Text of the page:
Noah begat Shem, Ham, and Japheth - From Genesis 10:21; 1 Chronicles 1:5, etc., we learn that Japheth was the eldest son of Noah, but Shem is mentioned first, because it was from him, in a direct line, that the Messiah came. Ham was certainly the youngest of Noah‘s sons, and from what we read, Genesis 9:22, the worst of them; and how he comes to be mentioned out of his natural order is not easy to be accounted for. When the Scriptures design to mark precedency, though the subject be a younger son or brother, he is always mentioned first; so Jacob is named before Esau, his elder brother, and Ephraim before Manasses. See Genesis 28:5; Genesis 48:20.
Among many important things presented to our view in this chapter, several of which have been already noticed, we may observe that, of all the antediluvian patriarchs, Enoch, who was probably the best man, was the shortest time upon earth; his years were exactly as the days in a solar revolution, viz., three hundred and sixty-five; and like the sun he fulfilled a glorious course, shining more and more unto the perfect day, and was taken, when in his meridian splendor, to shine like the sun in the kingdom of his Father for ever.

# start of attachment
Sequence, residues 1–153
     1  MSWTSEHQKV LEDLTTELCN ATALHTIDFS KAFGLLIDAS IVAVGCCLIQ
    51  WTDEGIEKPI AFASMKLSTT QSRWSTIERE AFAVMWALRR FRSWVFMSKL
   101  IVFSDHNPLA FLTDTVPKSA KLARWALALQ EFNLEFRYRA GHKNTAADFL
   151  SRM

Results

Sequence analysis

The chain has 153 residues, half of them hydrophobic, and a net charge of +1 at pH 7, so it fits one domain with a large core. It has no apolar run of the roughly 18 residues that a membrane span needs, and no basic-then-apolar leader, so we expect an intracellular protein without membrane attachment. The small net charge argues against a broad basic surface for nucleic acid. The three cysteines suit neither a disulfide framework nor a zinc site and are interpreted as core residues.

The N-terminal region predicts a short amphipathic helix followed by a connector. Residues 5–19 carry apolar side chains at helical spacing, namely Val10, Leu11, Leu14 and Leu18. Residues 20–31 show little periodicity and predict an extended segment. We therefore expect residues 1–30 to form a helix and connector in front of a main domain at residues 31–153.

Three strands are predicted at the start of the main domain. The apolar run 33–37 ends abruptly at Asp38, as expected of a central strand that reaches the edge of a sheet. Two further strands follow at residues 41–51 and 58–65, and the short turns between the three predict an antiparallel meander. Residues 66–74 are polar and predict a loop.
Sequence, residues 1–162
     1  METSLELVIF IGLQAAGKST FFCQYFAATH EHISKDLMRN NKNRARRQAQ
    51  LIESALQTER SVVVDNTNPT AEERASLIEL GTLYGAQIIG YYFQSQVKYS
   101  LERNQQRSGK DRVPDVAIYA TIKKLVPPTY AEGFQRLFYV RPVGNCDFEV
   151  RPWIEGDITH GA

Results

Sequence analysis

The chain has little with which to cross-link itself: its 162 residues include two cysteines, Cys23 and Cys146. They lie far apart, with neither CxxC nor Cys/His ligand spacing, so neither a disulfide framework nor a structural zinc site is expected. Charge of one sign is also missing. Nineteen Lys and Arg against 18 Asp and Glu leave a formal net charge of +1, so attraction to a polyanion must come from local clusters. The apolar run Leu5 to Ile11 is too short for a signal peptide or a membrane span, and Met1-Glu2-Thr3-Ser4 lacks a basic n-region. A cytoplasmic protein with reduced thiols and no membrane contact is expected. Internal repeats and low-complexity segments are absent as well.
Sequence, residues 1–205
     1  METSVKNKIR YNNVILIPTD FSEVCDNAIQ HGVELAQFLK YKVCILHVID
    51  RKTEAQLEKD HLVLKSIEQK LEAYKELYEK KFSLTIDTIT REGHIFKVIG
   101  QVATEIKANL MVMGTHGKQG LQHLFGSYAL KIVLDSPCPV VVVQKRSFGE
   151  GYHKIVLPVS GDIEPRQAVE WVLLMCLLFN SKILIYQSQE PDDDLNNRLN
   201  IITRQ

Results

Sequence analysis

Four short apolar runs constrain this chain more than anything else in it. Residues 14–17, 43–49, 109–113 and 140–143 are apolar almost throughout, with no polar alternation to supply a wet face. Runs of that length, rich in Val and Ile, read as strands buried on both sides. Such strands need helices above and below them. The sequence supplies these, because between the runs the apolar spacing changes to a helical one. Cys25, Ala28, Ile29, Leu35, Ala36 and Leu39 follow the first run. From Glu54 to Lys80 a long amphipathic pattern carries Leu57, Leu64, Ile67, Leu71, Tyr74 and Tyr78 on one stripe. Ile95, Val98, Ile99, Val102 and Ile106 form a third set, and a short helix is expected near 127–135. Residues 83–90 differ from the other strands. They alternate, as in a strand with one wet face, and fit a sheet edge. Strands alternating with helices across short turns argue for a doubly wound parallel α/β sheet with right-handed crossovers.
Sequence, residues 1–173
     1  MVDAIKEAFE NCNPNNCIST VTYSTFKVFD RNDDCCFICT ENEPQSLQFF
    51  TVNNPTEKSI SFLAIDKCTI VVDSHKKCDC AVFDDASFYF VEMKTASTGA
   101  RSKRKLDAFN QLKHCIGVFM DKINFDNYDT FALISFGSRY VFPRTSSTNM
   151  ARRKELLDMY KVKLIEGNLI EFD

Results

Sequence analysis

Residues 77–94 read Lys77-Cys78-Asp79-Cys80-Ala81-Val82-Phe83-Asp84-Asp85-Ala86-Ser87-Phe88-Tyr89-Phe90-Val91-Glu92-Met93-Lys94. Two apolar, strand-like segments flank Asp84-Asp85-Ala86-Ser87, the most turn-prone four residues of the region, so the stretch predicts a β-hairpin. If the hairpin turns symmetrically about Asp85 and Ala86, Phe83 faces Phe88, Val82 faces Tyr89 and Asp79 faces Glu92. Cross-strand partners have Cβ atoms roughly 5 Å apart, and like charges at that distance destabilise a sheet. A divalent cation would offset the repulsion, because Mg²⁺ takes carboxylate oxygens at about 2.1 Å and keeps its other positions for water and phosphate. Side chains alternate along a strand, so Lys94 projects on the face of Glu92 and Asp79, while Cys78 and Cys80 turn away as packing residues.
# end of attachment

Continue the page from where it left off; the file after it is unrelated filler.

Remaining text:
From computation it appears, 1. That Adam lived to see Lamech, the ninth generation, in the fifty-sixth year of whose life he died; and as he was the first who lived, and the first that sinned, so he was the first who tasted death in a natural way. Abel‘s was not a natural but a violent death. 2. That Enoch was taken away next after Adam, seven patriarchs remaining witness of his translation. 3. That all the nine first patriarchs were taken away before the flood came, which happened in the six hundredth year of Noah‘s life. 4. That Methuselah lived till the very year in which the flood came, of which his name is supposed to have been prophetical מתו (methu), “he dieth,” and שלח (shalach), “he sendeth out;” as if God had designed to teach men that as soon as Methuselah died the flood should be sent forth to drown an ungodly world. If this were then so understood, even the name of this patriarch contained in it a gracious warning.

 


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Bibliography Information
Clarke, Adam. "Commentary on Genesis 5:1". "The Adam Clarke Commentary". http://www.studylight.org/commentaries/acc/view.cgi?book=ge&chapter=005. 1832.